Black Student Union discusses ways to expand upon activism in honor of MLK day

Black+Student+Union+%28BSU%29+held+a+meeting+on+Thurs.+Jan.+14+to+speak+about+Dr.+Martin+Luther+King+Jr.+and+his+tactics+during+the+fight+for+social+justice+in+the+%2760s.+MLK+Day+falls+today%2C+on+Jan.+18.+

Photo credit: Amelia Mathis

Black Student Union (BSU) held a meeting on Thurs. Jan. 14 to speak about Dr. Martin Luther King Jr. and his tactics during the fight for social justice in the ’60s. MLK Day falls today, on Jan. 18.

By Grace Doyle, Sports Editor

As Dr. Martin Luther King Jr. Day approached, the Black Student Union (BSU) held a meeting to discuss Dr. King’s activism within the Civil Rights movement. On Jan. 14, BSU facilitated a conversation about the tactics that Dr. King used during the Civil Rights movement and how those can be expanded upon today as the national holiday honoring him on Jan. 18 is celebrated.

Thursday’s meeting began with a presentation about Dr. King and a clip of an interview he gave just months before his assassination, where he spoke on his peaceful protests philosophy.

“We wanted to reflect on what [King] did and bring that to the Archer community […] and make sure we were informing everyone because I know so many girls celebrate and recognize the day but don’t actually know what they are celebrating,” BSU Executive Board member Lexi Tooley (’22) said.

The students in attendance were subsequently split into two breakout rooms. BSU leaders prompted discussions with the following key questions: What are the lessons we are taking from Martin Luther King Jr. & the Civil Rights movement and implementing them into our individual and collective activism today? How is our generation expanding beyond the tactics used during the Civil Rights movement of the ’60s?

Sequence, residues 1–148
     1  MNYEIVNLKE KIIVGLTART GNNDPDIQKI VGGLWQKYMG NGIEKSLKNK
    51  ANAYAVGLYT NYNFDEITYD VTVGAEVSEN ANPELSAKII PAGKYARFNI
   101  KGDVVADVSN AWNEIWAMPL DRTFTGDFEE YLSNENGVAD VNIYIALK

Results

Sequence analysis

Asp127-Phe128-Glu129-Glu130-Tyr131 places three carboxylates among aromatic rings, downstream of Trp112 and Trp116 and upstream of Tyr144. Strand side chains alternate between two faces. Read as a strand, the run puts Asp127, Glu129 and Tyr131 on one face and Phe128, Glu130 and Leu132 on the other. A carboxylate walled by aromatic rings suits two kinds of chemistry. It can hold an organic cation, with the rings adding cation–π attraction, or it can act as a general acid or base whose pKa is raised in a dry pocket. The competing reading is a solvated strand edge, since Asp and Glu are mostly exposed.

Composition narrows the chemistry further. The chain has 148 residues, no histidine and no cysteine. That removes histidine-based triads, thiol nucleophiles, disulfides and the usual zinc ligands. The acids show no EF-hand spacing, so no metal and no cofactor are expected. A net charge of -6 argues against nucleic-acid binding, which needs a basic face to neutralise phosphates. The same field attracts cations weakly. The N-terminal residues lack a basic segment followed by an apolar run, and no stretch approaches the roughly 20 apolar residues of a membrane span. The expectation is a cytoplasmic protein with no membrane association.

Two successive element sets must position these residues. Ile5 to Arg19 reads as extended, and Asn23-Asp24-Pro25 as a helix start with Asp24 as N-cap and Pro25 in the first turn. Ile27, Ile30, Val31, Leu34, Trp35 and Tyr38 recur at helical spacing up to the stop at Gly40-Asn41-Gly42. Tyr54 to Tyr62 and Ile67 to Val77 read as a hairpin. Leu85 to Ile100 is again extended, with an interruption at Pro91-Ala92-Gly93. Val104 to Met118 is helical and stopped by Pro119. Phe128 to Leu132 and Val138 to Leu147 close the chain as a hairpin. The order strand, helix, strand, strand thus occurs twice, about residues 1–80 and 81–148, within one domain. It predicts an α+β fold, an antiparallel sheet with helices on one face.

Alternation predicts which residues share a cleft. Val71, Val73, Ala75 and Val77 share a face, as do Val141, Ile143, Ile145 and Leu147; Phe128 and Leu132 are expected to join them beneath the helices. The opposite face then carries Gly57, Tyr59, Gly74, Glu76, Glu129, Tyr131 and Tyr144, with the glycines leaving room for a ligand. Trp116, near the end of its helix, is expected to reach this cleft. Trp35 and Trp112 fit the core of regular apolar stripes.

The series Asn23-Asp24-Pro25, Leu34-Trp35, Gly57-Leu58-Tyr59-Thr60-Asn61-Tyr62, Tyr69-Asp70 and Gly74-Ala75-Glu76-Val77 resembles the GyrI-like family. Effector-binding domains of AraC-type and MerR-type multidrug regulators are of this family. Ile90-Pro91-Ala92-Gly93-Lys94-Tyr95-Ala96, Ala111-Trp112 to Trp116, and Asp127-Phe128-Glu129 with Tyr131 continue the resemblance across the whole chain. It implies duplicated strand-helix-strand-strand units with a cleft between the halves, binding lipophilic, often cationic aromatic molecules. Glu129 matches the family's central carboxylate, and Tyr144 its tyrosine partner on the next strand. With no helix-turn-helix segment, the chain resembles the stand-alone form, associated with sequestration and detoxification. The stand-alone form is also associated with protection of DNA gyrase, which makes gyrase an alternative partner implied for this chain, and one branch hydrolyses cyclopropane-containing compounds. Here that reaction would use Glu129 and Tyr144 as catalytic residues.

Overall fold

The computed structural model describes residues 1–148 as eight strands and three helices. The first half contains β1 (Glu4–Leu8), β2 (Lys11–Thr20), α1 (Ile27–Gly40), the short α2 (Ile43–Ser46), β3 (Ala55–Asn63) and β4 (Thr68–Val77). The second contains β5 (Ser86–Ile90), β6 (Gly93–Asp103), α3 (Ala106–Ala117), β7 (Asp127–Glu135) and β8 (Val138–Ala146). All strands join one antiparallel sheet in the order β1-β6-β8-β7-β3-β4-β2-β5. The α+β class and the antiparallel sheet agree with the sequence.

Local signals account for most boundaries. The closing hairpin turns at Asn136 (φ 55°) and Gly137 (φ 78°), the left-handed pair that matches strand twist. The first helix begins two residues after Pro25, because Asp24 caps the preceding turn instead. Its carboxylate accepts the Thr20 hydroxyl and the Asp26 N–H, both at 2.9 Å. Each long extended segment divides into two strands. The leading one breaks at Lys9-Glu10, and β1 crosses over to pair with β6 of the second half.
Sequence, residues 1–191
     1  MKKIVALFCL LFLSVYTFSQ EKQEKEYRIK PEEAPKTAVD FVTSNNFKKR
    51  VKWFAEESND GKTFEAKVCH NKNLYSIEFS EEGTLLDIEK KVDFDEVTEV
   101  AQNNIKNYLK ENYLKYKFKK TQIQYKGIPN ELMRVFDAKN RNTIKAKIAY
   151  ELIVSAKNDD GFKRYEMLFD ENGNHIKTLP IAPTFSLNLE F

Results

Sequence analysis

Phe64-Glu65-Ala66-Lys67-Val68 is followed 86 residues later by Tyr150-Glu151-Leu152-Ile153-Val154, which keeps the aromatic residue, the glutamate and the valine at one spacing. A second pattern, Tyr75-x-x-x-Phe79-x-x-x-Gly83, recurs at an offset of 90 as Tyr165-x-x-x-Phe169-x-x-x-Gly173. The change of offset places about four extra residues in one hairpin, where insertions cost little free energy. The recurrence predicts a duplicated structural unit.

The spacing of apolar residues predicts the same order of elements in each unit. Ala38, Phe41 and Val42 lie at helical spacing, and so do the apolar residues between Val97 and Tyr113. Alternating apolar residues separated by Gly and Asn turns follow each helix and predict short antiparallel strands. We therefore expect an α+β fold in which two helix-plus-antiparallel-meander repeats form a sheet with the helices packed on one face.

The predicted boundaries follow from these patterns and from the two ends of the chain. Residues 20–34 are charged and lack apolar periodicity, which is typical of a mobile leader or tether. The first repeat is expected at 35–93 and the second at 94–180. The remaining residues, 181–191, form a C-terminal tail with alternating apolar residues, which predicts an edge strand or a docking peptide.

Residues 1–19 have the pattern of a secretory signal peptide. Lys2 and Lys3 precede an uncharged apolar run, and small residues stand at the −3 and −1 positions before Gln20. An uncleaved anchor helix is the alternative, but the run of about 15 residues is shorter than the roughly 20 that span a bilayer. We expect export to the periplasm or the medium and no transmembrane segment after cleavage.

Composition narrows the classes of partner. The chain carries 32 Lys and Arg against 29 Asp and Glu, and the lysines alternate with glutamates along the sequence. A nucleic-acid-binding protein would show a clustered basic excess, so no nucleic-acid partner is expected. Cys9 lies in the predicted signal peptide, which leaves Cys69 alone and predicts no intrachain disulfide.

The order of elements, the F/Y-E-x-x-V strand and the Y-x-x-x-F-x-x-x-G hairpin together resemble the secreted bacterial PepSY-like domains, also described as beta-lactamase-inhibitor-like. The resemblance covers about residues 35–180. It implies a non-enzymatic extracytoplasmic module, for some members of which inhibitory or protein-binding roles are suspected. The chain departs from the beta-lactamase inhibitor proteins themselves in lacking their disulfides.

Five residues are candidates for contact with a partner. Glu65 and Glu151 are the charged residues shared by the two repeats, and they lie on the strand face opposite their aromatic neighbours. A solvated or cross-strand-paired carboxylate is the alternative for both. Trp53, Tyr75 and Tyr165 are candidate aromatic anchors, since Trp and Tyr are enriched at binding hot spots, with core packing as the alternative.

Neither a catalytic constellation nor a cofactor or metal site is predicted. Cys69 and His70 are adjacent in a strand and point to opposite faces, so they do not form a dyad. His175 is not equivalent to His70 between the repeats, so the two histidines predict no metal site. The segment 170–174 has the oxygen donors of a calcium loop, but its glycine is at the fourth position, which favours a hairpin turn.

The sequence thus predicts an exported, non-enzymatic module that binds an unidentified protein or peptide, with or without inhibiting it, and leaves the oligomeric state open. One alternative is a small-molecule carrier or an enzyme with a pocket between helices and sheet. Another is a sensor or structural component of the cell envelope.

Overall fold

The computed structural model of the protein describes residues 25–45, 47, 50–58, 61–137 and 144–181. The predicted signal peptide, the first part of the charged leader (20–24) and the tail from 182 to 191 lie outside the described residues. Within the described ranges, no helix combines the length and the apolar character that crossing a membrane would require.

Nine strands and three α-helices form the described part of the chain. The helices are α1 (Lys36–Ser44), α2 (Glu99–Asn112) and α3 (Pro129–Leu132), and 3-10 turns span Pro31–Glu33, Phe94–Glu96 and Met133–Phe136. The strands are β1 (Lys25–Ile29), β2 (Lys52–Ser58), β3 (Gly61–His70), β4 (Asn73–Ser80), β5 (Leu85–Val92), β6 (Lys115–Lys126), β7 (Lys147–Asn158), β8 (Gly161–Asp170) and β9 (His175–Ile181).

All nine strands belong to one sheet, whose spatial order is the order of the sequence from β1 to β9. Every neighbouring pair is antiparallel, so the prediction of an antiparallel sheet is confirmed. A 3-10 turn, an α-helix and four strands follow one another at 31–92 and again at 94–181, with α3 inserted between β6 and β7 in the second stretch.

Within the breakout rooms, students had the opportunity to discuss the questions. The discussion ranged from personal anecdotes to calls for action.

“Something that validated my opinion was the idea of people using social media as a go-around for performative activism,” sophomore BSU member Zoe Griffin said. “There are so many ways you could actually do something that helps people instead of just putting ‘BLM’ in your bio and just leaving it at that.”

Students in attendance spoke on both national and community implications about Dr. King’s ideologies. They emphasize the effort and change that they want to see within Archer.

“Something that I felt could have been expanded on was the audience. I feel like there was definitely room or more questions could have been asked but the major point was the fact that so very few people in the grand scheme of Archer [came],” Griffin said.

By using Dr. Martin Luther King Jr. Day as a jumping-off point into the struggles Black students face at Archer, some conversations touched on how to bring his tactics into the greater community.

“Obviously at Archer, we want to be non-violent, so it’s about figuring out by using his methods how we can create change that is needed on campus and in order to inform girls who don’t know everything about it,” Tooley said. 

Another lesson students took from the movement led by Dr. King was the organization of demonstrations. 

“We felt like now, with planning protests and everything, it’s just the level of organization that isn’t there,” BSU Executive Board member Ruby Williams (’22) said, “so we think that was something we need to take from him and implement into our activism: to be more organized and meticulous with our planning.”

While BSU meetings draw some students, the club is hoping to have bigger turnouts for expansive education. They continue reaching out to the Archer community through meetings and presentations.

“Even though we did have such a great turn-out if it was every Archer girl […] I think we would have been able to see more change,” Tooley said. “I know Black students have been trying to get certain classes and certain things happening and it’s really important to have a community of people behind them.”